Tag Archives: love

Never let go

WordPress reminded me it is my 2 year anniversary today. To celebrate that, 8let me share with with you all a story I wrote today. After all, the primary reason for starting this blog was to become a better story-teller. Let me know what you think!


Never let go

Arpita Pramanick

It was the spring of 2009. The winter chill had not yet gone from the suburban air, but summer was slowly making its presence known. People had begun to turn on the ceiling fans.

For the past few days, thick dark clouds hovered over the small, independent houses as soon as the clocks ticked four. The air would suddenly stop moving. There would be a momentary hot phase. Then the cool winds would start rushing in. The trees would bend with its vigor and the clouds would look darker than ever. They seemed to be carrying deep, dark secrets. Only, the rains would not come as fierce.

In the newly painted Mukherjee house, Supriya was pacing in the balcony. She was frustrated with the clouds. Why couldn’t it rain and be done with? She desperately needed to make a move. Tomorrow, the boy’s family would come to bless her. Probably, the final plans of marriage would also be chalked out tomorrow. Ever since her uncle brought news of this probable match, her mother had been extra cautious with her. She would not let Supriya go anywhere alone. Even her phone calls were monitored, Supriya realized. They would not let her go to the roof even to pick up clothes in the afternoon.

“You are getting married in a month,” her mother said. “I don’t want to wear you out with all these chores now. Just rest and try to look perfect for your wedding.”

But no matter how hard Supriya tried, she could not get rid of the dark circles under her eyes. No matter how hard she tried, she could not close her eyes in the night.

Her mother would notice her restlessness and run her fingers through her hair.

“It is for good, this marriage,” she said. “The boy is an accountant. He can take care of you.”

Supriya tried to think about the boy. Arohan Banerjee. Tall, fair, well-mannered. His hair was neatly combed and he wore a distinctive perfume. He liked books, he had told her. Yes, if her heart was not someplace else, she could willingly marry Arohan Banerjee. She could probably fall in love with him too.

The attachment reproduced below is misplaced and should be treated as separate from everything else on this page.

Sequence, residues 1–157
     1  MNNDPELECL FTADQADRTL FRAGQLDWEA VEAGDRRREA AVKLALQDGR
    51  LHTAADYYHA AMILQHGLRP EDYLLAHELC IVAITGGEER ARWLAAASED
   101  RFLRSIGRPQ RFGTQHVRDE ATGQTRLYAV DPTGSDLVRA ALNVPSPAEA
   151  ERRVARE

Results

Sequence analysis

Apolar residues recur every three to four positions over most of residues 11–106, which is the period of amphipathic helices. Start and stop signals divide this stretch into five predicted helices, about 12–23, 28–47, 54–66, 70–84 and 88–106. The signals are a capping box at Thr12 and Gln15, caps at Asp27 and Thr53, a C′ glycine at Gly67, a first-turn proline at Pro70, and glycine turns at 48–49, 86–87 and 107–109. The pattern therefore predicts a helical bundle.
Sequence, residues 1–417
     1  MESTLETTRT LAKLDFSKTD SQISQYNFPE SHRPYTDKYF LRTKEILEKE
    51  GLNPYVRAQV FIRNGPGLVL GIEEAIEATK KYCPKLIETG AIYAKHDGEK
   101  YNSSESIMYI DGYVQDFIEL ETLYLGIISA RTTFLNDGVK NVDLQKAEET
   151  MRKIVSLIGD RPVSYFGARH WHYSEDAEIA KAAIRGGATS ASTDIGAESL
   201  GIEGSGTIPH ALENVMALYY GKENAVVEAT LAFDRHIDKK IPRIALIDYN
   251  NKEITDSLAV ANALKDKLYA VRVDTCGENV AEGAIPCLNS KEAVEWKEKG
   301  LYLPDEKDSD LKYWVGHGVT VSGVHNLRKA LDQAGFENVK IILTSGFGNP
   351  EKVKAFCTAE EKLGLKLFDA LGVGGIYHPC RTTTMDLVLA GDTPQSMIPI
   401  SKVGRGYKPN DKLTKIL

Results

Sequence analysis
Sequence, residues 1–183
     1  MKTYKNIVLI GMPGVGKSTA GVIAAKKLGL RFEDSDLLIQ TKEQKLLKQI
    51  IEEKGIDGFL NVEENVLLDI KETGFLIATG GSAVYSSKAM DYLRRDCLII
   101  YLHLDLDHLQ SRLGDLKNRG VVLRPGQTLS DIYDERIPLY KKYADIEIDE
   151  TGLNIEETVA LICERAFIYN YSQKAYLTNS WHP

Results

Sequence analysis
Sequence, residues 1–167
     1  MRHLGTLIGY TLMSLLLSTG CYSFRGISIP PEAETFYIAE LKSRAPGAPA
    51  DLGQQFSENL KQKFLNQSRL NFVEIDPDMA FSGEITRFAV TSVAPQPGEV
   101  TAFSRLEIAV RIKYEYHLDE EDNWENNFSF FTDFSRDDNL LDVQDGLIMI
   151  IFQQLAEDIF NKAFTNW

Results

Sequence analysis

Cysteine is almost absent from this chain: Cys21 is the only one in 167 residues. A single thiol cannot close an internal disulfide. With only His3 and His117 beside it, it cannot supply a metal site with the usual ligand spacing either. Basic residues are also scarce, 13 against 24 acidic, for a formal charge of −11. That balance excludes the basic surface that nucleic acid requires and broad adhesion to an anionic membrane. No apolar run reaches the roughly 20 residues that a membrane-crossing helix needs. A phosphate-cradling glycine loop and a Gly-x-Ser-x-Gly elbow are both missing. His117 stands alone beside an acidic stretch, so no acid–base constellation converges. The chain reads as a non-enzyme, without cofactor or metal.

But every time she thought about Arohan, the simple eyes of a dark face would rake through her mind’s eye. Yagnik Roy. Her first love, her heartbeat.

They met in college. He was one of those rare people who was rowdy and polished at the same time. He fought with the guys in the football field when they called names. He answered every question the professors asked with deep thinking and always said something that no one else in the class seemed to come up with.

The beautiful Supriya Mukherjee was initially duly ignored by Yagnik Roy. But once they started talking, everything seemed pre-determined to Supriya.

But Yagnik was not the one who let his feelings be known first. It was just after the Durga Puja holidays in the second year. She had not seen him after the college closed for vacation. Unlike every year, Supriya did not enjoy one day of the glorious festival. Not seeing Yagnik bothered her more than she had thought.

After the college reopened, she had called him after class, held his hand urgently in her hand and told him to accept her. He seemed surprised at first at the urgency of her emotion. But then, the gentle pressure of his hand in hers told her his answer.

Yagnik was a passionate lover. Ever since he discovered love in Supriya, it seemed something in him changed. He became more polite outwardly, but would be very upset if Supriya did not turn up for college one day. It seemed that he wanted her every moment he could have with her. If he saw her talking to some other boy, he would grow tense and refuse to talk to her for days. The said boy would definitely get into some kind of trouble afterwards.

When Supriya finally confronted him one day about his behavior, he simply said, “You are my need. I need you completely or not at all. Your choice.”

As she paced up and down in the balcony, Supriya thought what Yagnik must be going through now. They had not spoken in ten days. He was appearing for job interviews. He had known Supriya’s parents were looking for her marriage and that bothered him.

The last time they had met in a tea shop near their college.

“Give me two months, Su. I will not disappoint you,” he had said. Her hands trembled in his. Had they been in a more private place, they would have kissed.

“I cannot live without you,” he said when they said their goodbyes. “You know I can’t. You have to wait for me.” Supriya almost had tears in her eyes.

Surpiya needed one chance to speak with him. She needed to tell him she was waiting. He  could take all the time in the world he needed, she would still wait for him.

The winds stopped blowing. The clouds vanished. The sky grew dark with evening. The womenfolk began to blow conch shells. The Mukherjee household was preparing to receive the would-be son-in-law and his family the next day.